Let's Make Robots!

FingerTech Mecanum Wheels

Vendor's Description: 

See our new Mecanum Wheel Set!

• FingerTech's revolutionary new Mecanum Wheels allow any robotics enthusiast to add omni-directional capabilities to their creation.

Link to store page

Link to YouTube Commercial!

• Precision engineered delrin hubs and rubber rollers attach to a customizable mount for any motor shaft size between 3mm and 1/4".

• Kit includes:
• Four Mecanum wheels (two A-style, two B-style)
• Four mounting hubs
• Four 4-40 screws + one 6-32 setscrew per wheel
• One 0.050" hex wrench
• Instructions

 What can they do?
The four mecanum wheels are each connected to a motor for independent control. The robot can move forward, reverse and spin just like four regular wheels. The configuration of rollers at 45° also allows the robot to translate sideways and through a combination of these, in any direction (even while spinning!).

How do they work?
Adjacent corners use mirrored hubs so that the wheels freely roll outward from the center of the robot. This splits the force into two vectors, one forward/backward and one right/left. When the wheels on one side are spun in opposite directions, the forward and backward vectors cancel out while both sideways vectors add up. Doing the reverse with the other two wheels results in four added sideways vectors.

How do I drive?
Control can be accomplished with a microcontroller or simply using an R/C transmitter! When both sticks are pushed in any direction, the robot moves in that direction. Pushing the sticks towards or away from each other makes the robot spin in place.
The easiest way to think of it is that the left stick controls the front two wheels in any direction, and the right stick controls the rear two wheels in any direction. To achieve this control, two of our V-Tail mixers are required. One mixes the front two wheels to the left stick to respond just like a two-wheel-drive robot. The second mixes the rear two wheels to the right stick in the opposite fashion.

Mecanum Hub material: Black Acetal (Delrin)
Roller material: EPDM 50-60D(A) Rubber
Outside wheel diameter: 2.125"
Wheel width at widest point: 1.25"
Customizable mount bore: 3mm (can be drilled to any size up to 1/4")
Weight: 48grams (1.69oz) per wheel

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Could be an idea. Gonna drive Oddbot nuts with new bits to try.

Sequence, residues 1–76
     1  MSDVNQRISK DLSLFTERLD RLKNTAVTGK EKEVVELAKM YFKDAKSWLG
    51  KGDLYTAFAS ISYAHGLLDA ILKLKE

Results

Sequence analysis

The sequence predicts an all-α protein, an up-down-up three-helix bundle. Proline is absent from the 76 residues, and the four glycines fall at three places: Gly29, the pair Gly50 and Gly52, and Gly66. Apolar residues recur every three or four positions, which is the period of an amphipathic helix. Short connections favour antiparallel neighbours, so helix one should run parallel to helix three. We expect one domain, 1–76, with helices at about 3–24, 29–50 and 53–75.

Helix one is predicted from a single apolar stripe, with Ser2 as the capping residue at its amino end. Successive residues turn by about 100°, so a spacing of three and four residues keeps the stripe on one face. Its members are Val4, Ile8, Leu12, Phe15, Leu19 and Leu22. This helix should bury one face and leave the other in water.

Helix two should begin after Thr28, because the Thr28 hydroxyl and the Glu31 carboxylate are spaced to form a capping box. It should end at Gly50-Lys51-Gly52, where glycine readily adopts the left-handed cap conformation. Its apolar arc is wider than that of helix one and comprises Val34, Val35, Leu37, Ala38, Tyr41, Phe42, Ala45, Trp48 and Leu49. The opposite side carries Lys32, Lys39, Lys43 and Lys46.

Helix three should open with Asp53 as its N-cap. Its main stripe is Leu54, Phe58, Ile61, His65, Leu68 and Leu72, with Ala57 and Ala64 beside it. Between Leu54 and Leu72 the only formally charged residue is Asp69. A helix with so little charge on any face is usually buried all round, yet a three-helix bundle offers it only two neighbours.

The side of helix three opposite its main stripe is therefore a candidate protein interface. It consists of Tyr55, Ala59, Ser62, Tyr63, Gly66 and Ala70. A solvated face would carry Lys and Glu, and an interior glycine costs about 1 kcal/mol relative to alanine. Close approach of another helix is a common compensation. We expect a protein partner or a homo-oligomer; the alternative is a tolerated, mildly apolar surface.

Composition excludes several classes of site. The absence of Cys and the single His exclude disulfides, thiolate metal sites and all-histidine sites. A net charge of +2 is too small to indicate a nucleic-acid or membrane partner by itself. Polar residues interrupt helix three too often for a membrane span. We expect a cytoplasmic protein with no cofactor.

From my research, ours are about 1/4 the price of any others.  They are a set of four, not a single wheel. 

Plus the size makes them perfect for smaller robots.  The next smallest I have seen were 5" diameter.

But, to ask the question in a slightly different way:

Why do these things cost so much anyway? 

Even at 1/4 the price of others, they're still just too damn expensive. Sell them at a tiny profit (or even as a loss-leader) and I guarantee robotics enthusiasts would be coming to you in droves.

I think these cost so much because you know some rich fools will buy them. Sure, tehy're difficult to make accurately, but once you have a Chinese factory tooled up, there isn't more than $5 of material in them!

Unless those mecanum wheels are hand made, or the materials used to build them are some space age materials, the price is way high for a set of four plastic and rubber wheels, which are going to be bought by a hobbyist and used in hobby robot.

Flame me if you want I won't ever pay for such things, I'd rather go wih Fritsl's handmade wheels :).  

To be fair, even Fritzl's comment stated that they are difficult to make and hard to find for that price.

They may still be too pricey for most LMR users.  Like any product manufacturer, Finger Tech will need to decide how and if to market their products to this community.

I took some time to talk to FTR on the Shout Box the other day. He seems like a nice person, and a robot hobbyist of many years himself. 

I'm sure it took a while for manufacturers/distributors like DAGU and Solarbotics to define their relationship to LMR. More options with more vendors seems like a good thing to me, so let's see what Finger Tech has to offer as he gets a feel for our community.

...on the other hand, if I were to stand and handmake these at an average engineering rate of, say $60 per hour, I suppose a set might cost in excess of $1,000. I guess it depends which you value more: money or time.
Oh! Nice!